“The WJM seemed like a brilliant idea. Original, unique project of its kind and something that the Jewish world needed. From the moment Tammy Stavinsky, one of the most committed volunteers presented the project to me, I fell in love with it! I understood her passion, and I felt that somehow I had to contribute and be part of this magnificent work. I felt that in that moment an immense commitment to deliver this message and vision to others. I am deeply convinced that the WJM will be a great legacy and a gift, not only for the Jews in Israel but also for the Jews from the Diaspora. It will honor how the Jewish people from every corner of the world contributed to the incredible history of the Jewish people and will help to reduce the stereotypes that has being created for centuries. I feel very honored and grateful that Gail Asper and Moe Levy have considered me to be part of this magnificent project.”
The Honourable Linda Frum was appointed to the Senate of Canada in 2009 by Prime Minister Stephen Harper. She represents the Province of Ontario.
Senator Frum is a committed and passionate member of the Jewish community in Toronto and is a dedicated supporter of Israel. She currently serves as Vice-Chair of the Board of Directors for the United Jewish Appeal of Greater Toronto and is on the board of the United Israel Appeal. In 2018, she co-chaired a record setting annual UJA Toronto campaign.
Senator Frum is a fierce advocate for human rights in Iran and has co-sponsored Iran Accountability on Parliament Hill. She is known for her legislative efforts to eliminate foreign funding in Canadian elections. In 2017, Senator Frum introduced in the Senate the bill that designates May as Canadian Jewish Heritage Month. She is a member of the International Auschwitz-Birkenau Foundation Committee and is an Honourary Board Member of NGO Monitor.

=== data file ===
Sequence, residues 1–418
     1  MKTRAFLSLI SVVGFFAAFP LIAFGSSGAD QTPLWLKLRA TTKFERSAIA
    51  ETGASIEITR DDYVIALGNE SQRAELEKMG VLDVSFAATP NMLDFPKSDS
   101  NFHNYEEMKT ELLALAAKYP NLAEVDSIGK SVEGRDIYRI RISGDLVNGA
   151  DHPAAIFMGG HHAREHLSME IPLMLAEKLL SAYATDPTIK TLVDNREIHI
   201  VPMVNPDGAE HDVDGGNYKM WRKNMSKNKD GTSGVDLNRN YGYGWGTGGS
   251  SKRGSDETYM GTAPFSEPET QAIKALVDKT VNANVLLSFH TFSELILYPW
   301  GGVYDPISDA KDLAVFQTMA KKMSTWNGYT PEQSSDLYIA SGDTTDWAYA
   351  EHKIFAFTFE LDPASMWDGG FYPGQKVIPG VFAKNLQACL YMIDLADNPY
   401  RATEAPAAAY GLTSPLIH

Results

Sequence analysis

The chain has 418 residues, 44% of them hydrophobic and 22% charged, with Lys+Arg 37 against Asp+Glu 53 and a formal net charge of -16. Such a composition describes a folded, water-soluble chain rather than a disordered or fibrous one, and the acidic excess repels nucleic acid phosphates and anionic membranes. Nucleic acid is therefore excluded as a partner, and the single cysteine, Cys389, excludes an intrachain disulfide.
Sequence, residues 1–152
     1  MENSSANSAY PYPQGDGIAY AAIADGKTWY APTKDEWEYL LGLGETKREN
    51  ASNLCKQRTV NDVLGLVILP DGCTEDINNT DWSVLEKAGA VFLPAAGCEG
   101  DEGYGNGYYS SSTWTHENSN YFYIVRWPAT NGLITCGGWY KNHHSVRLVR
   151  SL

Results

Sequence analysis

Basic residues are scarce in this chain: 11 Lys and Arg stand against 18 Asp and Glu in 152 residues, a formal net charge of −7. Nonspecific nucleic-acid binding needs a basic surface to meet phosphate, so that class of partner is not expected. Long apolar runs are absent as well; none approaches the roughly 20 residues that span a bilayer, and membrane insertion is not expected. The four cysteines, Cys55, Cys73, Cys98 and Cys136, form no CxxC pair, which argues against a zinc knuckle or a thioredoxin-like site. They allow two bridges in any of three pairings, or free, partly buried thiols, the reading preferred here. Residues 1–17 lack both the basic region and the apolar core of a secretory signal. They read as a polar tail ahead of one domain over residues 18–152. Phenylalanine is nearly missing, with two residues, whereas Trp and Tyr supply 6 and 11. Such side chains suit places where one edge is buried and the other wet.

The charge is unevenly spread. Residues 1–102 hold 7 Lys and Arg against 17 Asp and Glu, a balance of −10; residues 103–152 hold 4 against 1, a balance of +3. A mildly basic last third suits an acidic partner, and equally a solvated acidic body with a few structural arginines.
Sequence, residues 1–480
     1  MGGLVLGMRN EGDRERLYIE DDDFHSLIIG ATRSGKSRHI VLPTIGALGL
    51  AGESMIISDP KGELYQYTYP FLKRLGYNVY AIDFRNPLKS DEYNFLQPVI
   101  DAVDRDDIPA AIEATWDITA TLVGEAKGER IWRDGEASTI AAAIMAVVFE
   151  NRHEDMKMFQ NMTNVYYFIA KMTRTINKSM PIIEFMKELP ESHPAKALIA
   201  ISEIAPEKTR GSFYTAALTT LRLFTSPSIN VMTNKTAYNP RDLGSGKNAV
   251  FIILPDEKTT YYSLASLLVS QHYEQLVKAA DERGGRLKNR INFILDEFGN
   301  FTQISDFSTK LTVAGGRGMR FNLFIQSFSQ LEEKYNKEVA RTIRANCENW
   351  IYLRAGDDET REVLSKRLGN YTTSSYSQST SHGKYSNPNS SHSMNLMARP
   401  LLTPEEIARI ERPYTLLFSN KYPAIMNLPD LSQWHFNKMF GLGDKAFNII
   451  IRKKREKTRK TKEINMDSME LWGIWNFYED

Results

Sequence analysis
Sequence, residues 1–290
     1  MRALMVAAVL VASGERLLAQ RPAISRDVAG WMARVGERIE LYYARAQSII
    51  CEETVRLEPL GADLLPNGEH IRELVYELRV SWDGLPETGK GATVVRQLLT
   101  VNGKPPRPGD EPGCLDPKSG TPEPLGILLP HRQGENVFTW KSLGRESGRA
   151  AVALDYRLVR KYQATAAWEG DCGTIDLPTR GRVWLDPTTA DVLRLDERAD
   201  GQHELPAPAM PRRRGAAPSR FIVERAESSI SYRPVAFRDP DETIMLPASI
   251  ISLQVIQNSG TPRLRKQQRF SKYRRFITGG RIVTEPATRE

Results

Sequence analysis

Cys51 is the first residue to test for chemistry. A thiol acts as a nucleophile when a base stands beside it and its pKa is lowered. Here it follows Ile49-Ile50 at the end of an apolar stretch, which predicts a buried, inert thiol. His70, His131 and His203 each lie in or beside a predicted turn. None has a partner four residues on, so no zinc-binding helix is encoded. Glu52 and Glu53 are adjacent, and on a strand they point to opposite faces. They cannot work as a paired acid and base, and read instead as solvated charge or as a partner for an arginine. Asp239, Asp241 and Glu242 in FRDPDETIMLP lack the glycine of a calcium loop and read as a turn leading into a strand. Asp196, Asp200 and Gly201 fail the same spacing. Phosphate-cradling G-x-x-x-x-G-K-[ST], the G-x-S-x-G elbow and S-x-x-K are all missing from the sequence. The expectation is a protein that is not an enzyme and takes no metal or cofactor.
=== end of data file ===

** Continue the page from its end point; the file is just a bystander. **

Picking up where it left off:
Senator Frum is a graduate of McGill University and is a former journalist. She is a best selling author and a Gemini Award-winning documentarian. She lives in Toronto with her husband Howard Sokolowski, a real estate developer and together they have five children and two grandchildren
When asked why she chose to get involved with the World’s Jewish Museum, Senator Frum noted: “I remember Gail Asper telling me about the World’s Jewish Museum project a few years ago. At the time, I didn’t really understand if there was a pressing need for a museum of this kind in Israel. It wasn’t until I was on a recent trip to Israel with my family and was looking at my cultural and museum options that Gail’s words came back to me. She had told me that 70% of Jewish museums focus on the Holocaust or Jewish survival and the other museums don’t really cover the big Jewish story – the story of our history and the remarkable impact Judaism and the Jewish people have had on civilization, whether it’s the impact of the Bible, the Theory of Relativity, psychoanalysis, human rights or super heroes. I began to realize that it would be wonderful if I could take my kids to see this kind of museum and strengthen their relationship with the State of Israel and their relationship with their Jewish identity.
My involvement with the Jewish community of Toronto has made me realize how important it is that we take steps now to teach the next generation about how Judaism enriches the world and why our values are worth understanding, preserving and celebrating. I want my kids to be proud of their heritage. My hope for the World’s Jewish Museum is that we change our narrative from one of persecution and tragedy to one of positive impact and being a light unto the nations.
The project has an iconic Frank Gehry designed building, a spectacular piece of land on the Mediterranean and a remarkable 3500 year story.